General Counsel of The SPARK Institute Larry Goldbrum said i n a SPARK news release, “Our comments are representative of the concerns raised by our membership and have been raised because of the possibility that the PBHG distribution plan could set precedent for future distribution plans.” The SPARK Institute members include the retirement plan recordkeepers that will be responsible for gathering and providing accountholder information, making certain allocations, receiving distributions, and making distributions to plan participants who are the intended beneficiaries of a substantial portion of the distribution at issue.
In its letter , SPARK referenced the Field Assistance Bulletin, issued by the Department of Labor (DoL) earlier this year (See DoL Issues Guidance on Allocating Mutual Fund Settlements ), which concluded that a retirement plan service provider becomes a fiduciary upon receipt of settlement funds, even if such entity is not otherwise a fiduciary with respect to the plan it services. The DoL guidance provides a safe harbor for retirement plan service providers if the service provider uses the allocation methodology outlined in the distribution plan.
In its proposed distribution plan , the SEC provides that omnibus account brokerage firms will provide information to the Fund Administrator to determine payments to omnibus accounts. SPARK said in its letter it is concerned the plan does not provide that the Fund Administrator will determine individual plan participant distribution amounts or reimburse the plan’s recordkeeper for identifying eligible participants and allocating settlement proceeds to individual accounts.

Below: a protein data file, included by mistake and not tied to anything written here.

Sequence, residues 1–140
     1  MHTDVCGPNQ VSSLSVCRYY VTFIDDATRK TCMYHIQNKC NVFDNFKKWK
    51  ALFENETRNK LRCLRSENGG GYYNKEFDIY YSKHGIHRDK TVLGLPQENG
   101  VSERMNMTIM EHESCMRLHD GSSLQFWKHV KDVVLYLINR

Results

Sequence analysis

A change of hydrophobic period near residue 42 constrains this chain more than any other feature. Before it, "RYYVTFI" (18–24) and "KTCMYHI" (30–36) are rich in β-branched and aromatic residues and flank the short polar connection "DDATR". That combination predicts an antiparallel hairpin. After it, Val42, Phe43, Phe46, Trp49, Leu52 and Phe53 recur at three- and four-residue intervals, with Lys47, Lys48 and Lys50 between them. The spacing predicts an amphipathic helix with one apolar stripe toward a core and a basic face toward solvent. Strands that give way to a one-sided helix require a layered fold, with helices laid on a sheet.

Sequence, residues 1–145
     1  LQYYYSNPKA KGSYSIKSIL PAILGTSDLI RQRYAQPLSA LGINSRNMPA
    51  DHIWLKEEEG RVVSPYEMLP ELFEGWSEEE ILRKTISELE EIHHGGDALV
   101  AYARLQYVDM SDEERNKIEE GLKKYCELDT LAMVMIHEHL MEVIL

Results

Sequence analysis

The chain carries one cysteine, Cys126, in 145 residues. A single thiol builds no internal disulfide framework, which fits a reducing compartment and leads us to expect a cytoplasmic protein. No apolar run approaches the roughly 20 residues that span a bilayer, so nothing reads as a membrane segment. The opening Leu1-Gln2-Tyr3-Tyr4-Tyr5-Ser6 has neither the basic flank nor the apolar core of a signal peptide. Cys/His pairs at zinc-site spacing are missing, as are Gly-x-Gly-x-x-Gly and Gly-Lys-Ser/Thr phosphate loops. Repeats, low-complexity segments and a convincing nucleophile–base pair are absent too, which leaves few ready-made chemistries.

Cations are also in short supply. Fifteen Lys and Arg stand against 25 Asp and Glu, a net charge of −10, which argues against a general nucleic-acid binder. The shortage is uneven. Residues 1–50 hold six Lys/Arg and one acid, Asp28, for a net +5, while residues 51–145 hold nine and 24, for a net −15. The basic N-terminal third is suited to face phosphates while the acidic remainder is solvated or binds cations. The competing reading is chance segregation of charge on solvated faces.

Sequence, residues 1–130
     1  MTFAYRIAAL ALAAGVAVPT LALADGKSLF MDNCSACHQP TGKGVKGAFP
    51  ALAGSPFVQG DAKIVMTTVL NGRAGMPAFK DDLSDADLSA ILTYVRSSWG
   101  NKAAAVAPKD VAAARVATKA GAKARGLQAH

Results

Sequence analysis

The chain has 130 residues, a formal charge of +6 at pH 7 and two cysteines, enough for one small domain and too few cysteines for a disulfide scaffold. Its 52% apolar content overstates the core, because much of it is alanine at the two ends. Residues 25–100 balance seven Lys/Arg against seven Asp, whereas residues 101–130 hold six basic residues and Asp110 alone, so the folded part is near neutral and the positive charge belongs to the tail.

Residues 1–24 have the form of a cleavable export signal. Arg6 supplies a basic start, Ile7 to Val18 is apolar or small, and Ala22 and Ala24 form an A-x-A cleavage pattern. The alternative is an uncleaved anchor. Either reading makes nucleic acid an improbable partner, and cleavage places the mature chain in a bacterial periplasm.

SPARK said in its letter, “It is unreasonable to expect a retirement plan recordkeeper to apply the specific allocation methodology in the Distribution Plan across thousands of participants in order to avoid unexpected fiduciary status.” SPARK also expressed concern that recordkeepers would not have the expertise or staff necessary to make individual account allocations.
SPARK asked that the SEC modify its distribution plan to either assign the task of determining participant level allocations to the Fund Administrator or provide for reimbursement to the plan recordkeeper. The Institute also asked the SEC to provide an estimate of the potential cost reimbursement for Omnibus Account Brokerage Firms to allow the recordkeeper to determine the most cost-effective way to handle the allocation. SPARK said that any costs incurred would likely be passed to participants and net with their distribution.
Also of concern to the Institute was the time allowed for identifying individual account allocations. The SEC provided in its plan that information would be provided within 60 days following approval of the distribution plan. SPARK said this was not enough time and requested the plan be modified to say that recordkeepers had 30 days to acknowledge notification from the Fund Administrator of distribution amounts and to assign a person to work with the Fund Administrator on a reasonable distribution method and timetable.
Other changes to the plan recommended by SPARK included a modification to allow month-end balances to be used for calculating payouts to shareholders, to require any entity involved in the distribution process to sign a confidentiality agreement, and to express who is responsible for tax reporting of the distributions.